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CONCACAF semifinal qualifying beigins for Americans in June.

Subtle changes allow United States to close 2011 with win over Slovenia.

France capitalizes on defensive error to send U.S. down to defeat.

U.S. men play Ecuador well, but are undone by late defensive failure.

Klinsmann gets first victory at U.S. helm, helped by Dempsey strike.

U.S. creates little attack, falls meekly to Belgium 1-0.

As Klinsmann evaluates talent, U.S. suffers disjointed loss to Costa Rica.

Trio of reserves spark U.S. comeback to draw with Mexico.

Ahead by two goals, U.S. defense collapses and Mexico cruises to capture Gold Cup.

Dempsey goal sends U.S. past Panama and into Gold Cup final.

Americans dominate Jamaica and earn Gold Cup rematch with Panama in semifinals.

U.S. advances to Gold Cup quarters, but win over Guadaloupe lacks finish.

Americans can't come back from slow start, fall to Panama in Gold Cup.

U.S. opens Gold Cup with convincing 2-0 win over Canada.

Spain sends U.S. off to Gold Cup with bad beating.

Next up for the U.S. will be a contest June 4 with Spain in Foxborough, Mass.

U.S. earns respectable 1-1 draw with Argentina though effort lacked.

U.S. displays little in unexciting 0-0 draw with Colombia before small crowd.

After twice relinquishing leads, U.S. settles for 2-2 draw with Poland.

Facing one deficit too many, U.S. exits World Cup 2-1 to Ghana.

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U.S. men

Dempsey goal, tenacious defense gives U.S. first victory over Italy 1-0.

By Robert Wagman
SoccerTimes

(Wednesday, February 29, 2012) -- After coming up empty in 10 meetings with Italy over 82 years, the United States men used a goal by midfielder Clint Dempsey early in the second half to shock the Italians 1-0 at Stadio Luigi Ferraris in Genoa, Italy.

The Americans were clearly outmatched by Italy, but after Dempsey converted their only good scoring chance in the 55th minute, the U.S. repelled attack after attack by the swarming Italians to hold on for its historic victory.

The U.S. managed only one other shot on goal beyond Dempsey's strike, a long-range free kick by Dempsey that veteran goalkeeper Gianluigi Buffon easily punched away. Italy outshot the Americans 19-4, 7-2 on frame.

"It's historic for us beating a team of Italy's level and it's a very good win," U.S. coach Jürgen Klinsmann said. "But what we wanted to do above everything was to learn, to see how we could do against a team like Italy. I think the boys did very, very well. They played great for 90 minutes. And, moreover, we have young players and they're growing and it's from games like this that they do."'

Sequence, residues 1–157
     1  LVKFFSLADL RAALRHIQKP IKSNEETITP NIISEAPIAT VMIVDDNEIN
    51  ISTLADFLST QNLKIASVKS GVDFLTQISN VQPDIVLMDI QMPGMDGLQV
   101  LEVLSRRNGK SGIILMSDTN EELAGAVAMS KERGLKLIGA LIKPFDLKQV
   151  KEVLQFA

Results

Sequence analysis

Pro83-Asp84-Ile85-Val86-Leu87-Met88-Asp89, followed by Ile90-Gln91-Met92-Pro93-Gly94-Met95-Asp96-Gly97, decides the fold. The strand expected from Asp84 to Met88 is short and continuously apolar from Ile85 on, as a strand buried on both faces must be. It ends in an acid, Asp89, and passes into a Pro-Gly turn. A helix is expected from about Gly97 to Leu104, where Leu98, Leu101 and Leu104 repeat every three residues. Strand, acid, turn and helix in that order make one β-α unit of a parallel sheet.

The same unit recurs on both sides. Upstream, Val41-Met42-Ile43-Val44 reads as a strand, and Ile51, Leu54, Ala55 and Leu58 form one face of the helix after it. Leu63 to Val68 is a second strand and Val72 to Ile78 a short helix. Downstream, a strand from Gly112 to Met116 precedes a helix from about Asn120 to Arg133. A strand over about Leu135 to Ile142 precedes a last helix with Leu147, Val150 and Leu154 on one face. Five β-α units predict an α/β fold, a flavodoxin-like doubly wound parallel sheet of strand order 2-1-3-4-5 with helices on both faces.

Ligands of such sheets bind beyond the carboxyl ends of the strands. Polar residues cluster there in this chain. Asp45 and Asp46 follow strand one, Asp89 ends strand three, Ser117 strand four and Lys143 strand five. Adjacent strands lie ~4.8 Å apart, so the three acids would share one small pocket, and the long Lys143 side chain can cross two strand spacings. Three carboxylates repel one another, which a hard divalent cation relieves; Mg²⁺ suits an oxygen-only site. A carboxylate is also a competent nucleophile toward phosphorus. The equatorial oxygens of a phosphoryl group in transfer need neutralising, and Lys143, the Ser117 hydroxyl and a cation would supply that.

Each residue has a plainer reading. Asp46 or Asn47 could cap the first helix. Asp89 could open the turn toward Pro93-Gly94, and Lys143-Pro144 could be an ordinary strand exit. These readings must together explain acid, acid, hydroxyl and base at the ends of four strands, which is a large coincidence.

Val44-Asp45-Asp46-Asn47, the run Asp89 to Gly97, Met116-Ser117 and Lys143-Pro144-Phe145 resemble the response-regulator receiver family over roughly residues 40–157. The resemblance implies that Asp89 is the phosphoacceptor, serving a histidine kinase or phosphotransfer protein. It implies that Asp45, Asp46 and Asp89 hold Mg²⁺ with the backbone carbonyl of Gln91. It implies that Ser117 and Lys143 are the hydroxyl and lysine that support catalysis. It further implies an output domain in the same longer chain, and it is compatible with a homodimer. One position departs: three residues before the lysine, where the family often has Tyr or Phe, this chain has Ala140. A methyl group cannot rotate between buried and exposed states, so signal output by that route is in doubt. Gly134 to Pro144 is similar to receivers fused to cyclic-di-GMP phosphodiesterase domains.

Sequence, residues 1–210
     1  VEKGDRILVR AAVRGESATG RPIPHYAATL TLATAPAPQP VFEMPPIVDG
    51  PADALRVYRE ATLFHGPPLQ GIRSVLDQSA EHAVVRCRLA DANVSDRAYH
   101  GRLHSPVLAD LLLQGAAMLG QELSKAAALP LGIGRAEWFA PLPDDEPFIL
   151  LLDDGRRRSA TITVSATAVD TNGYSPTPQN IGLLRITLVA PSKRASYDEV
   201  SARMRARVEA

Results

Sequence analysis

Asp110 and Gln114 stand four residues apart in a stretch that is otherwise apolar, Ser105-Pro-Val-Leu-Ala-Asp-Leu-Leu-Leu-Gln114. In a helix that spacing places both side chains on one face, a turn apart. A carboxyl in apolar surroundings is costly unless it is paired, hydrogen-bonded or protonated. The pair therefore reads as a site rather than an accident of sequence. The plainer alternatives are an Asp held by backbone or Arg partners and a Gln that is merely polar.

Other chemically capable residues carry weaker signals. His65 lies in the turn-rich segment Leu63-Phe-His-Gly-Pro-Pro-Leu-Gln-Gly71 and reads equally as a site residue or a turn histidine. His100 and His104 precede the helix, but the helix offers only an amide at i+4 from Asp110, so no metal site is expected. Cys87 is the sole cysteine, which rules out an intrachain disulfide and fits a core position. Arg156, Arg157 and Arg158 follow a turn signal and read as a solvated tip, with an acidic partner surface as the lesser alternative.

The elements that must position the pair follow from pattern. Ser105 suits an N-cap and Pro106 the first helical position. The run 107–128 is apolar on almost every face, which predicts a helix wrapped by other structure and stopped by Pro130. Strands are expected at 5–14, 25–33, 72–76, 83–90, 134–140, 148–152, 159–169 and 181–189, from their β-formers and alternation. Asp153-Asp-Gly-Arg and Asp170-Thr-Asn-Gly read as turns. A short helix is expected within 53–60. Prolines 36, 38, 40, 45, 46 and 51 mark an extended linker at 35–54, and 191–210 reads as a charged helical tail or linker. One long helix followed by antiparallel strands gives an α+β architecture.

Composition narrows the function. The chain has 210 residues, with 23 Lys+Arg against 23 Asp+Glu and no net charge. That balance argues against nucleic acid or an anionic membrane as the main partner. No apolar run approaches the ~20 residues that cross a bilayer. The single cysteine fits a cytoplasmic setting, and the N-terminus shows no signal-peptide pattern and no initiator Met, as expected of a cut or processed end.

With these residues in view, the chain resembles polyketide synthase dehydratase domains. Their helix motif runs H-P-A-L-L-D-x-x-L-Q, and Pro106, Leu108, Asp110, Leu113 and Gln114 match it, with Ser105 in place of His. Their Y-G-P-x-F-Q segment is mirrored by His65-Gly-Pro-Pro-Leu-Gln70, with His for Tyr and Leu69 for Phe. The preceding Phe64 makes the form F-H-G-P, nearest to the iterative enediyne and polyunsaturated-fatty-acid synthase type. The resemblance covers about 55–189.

When Klinsmann took over the U.S. program last year, he promised a new style -- "proactive, rather than reactive" was how he termed it. Yet, tonight, it was very much a former American style, first employed by Bruce Arena, then by Bob Bradley that allowed the U.S. to prevail -- defend as a team, crowd the midfield, cut off the passing lanes and offensively wait and hope for a break.

That break came in the 55th minute when U.S. midfielder Fabian Johnson countered down the left side. He crossed to striker Jozy Altidore who, with his back to the goal, touched it back to Dempsey. Dempsey took a moment and slotted his shot beyond the reach of an outstretched Buffon and inside the left post.

"It was a good ball in," Dempsey said. "It was chipped to (Altidore). Initially, I was going to stay where I was, but I saw the guy who was covering him had moved, so I moved to my right to try to get open so he could play me the ball. He did a great job of holding it up, playing me, so I tried to hit it low and hard at the far post and it went in."

All through the match, the U.S. back-line played very well. It seemed that whenever Italy tried a shot, an American defender or midfielder was there to get his body in the way. At times, the U.S. left too much space in the middle as it dropped back and allowed Italy midfielder Andrea Pirlo to send pass after pass over the top or to the wings, but the defense was helped by 11 offside calls against the Italians, several very close.

"I was worried about how can we stop those balls from Pirlo all the time?" Klinsmann said. "How can we read the game ahead? How do we behave against them when they are on a passing roll? Then, it gets really difficult and I think we were prepared for that. We tried as much as possible to prepare them and they did well."

This was going to be the match where Klinsmann finally had midfielders Landon Donovan and Dempsey together on the field at the same time -- a first since he took over as coach last year. However, Donovan had bronchitis, while central defender Oguchi Onyewu was lost to knee surgery, defender Timmy Chandler was out with a strained left hamstring, midfielder José Torres sat out with a strained right hamstring and defensive midfielder Jermaine Jones was missing with a strained right calf. This left Klinsmann with an undoubtedly weakened team.